United World Academy

Umbrella Statements

“The best way to predict the future is to create it”.- Abraham Lincoln

As our children grow, we have a responsibility of being their guiding force that encourages them to reach for the stars and find their passions. We should not expect them to be anything more than the example we give. Our roles as adults are to show the children how the real world is and empower them with self-confidence to make impacts in that world. To prepare them for the future we must focus on the style of communication which children need to comprehend and execute. Sometimes while communicating we forget that children do not understand everything. It is essential for us to use language which they understand and find logical for application.

Often we adults overlook the understanding ability of our children and communicate with them through Umbrella Statements to tell them how to be, what to do etc. They are called Umbrella statements because one statement is supposed to cover a whole range of expectations. The trouble is there is no action being described, and so the expectations have no effect, just like raindrops bouncing off an umbrella. When we tell our children how to be but not what to do, it becomes as confusing as negative language. Moreover we can not expect children to do everything simply because we, as a parent/teachers, “say so.” They deserve explanations and if we do not take time to explain, they will begin to wonder about the purpose. Parents who reason with their children allow them to understand and learn in a nonjudgmental way.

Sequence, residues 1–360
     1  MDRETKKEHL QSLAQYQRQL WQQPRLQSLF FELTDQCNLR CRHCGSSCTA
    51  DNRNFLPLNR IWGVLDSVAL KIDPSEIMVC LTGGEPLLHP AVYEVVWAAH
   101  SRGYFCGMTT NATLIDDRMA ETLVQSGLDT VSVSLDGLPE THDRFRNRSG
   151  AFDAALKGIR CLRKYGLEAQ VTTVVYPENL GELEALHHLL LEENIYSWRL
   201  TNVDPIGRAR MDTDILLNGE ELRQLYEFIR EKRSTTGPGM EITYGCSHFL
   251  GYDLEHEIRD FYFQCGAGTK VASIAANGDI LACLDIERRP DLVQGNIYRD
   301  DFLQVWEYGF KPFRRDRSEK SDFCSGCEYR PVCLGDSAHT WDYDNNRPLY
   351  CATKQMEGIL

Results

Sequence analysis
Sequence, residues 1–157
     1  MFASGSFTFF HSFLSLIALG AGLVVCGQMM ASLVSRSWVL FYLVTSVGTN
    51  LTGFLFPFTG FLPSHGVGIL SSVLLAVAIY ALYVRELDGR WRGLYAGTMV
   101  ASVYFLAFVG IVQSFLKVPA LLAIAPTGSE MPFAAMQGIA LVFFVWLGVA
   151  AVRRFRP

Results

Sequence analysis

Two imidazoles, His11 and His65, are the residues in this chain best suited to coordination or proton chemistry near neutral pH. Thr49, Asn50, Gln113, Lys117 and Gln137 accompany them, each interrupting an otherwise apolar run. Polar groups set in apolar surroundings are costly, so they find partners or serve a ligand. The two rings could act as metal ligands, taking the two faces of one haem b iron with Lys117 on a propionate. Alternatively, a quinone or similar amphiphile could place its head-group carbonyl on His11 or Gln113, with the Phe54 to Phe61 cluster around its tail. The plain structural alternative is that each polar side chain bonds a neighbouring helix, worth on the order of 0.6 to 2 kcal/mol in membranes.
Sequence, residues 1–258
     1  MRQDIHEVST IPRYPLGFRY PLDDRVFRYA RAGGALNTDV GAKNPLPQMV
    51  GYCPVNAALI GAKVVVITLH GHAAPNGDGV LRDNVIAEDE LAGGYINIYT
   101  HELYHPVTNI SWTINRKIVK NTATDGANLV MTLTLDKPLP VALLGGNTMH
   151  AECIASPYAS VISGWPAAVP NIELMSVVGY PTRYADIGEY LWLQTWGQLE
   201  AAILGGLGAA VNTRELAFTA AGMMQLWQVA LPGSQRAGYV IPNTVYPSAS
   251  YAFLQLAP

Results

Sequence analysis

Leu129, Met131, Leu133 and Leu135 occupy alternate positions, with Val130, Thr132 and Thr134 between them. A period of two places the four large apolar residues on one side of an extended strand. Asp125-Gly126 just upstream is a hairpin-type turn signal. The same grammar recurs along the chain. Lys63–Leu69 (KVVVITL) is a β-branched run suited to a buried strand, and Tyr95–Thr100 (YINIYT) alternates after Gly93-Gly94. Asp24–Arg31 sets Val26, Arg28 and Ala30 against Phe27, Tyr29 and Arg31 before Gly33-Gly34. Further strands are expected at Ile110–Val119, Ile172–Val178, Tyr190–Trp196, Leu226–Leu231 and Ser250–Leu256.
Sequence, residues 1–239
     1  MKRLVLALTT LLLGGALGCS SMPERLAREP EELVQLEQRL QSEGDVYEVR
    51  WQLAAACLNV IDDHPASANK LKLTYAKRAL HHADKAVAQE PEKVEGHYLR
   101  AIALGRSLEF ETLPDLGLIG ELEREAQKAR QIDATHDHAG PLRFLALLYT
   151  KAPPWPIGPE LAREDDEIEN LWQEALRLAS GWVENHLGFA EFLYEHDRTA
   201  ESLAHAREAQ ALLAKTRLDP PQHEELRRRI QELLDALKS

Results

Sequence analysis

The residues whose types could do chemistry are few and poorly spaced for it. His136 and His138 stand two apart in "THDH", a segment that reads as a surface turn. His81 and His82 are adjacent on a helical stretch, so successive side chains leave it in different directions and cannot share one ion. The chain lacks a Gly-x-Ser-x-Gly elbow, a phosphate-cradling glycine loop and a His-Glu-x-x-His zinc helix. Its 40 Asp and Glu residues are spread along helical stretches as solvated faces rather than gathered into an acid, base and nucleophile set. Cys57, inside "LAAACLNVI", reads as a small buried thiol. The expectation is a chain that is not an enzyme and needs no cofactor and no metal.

How do we avoid the umbrella statement?

Use Active Language. Active language is about saying the action you want to see your child doing and make it clear for your child what your expectations are. Child will understand what to do and act accordingly without any confusion. It also makes it easier for you to correct if they make any mistakes. If there is any doubt, describe it, make your expectations clear, express your feelings, and invite your child to work on a solution with you. Be sure to include consequences. Make suggestions and offer choices. Be open to your child’s suggestions as well. Children who participate in decision making are more motivated to carry them out.

Children start comprehending the actions around them through their parents’ eyes. Our tone, body language, and every expression are absorbed by them. Motivating words and actions affect their developing self-esteem more than anything else. Praising accomplishments, however small, make them feel proud; letting them do things independently make them feel confident and capable. Loaded statements with negative messages can cause damage just as physical blows do.

Choose your words carefully and be compassionate. Let your child know that everyone makes mistakes and that you still love them, even when you do not agree with their behaviour.

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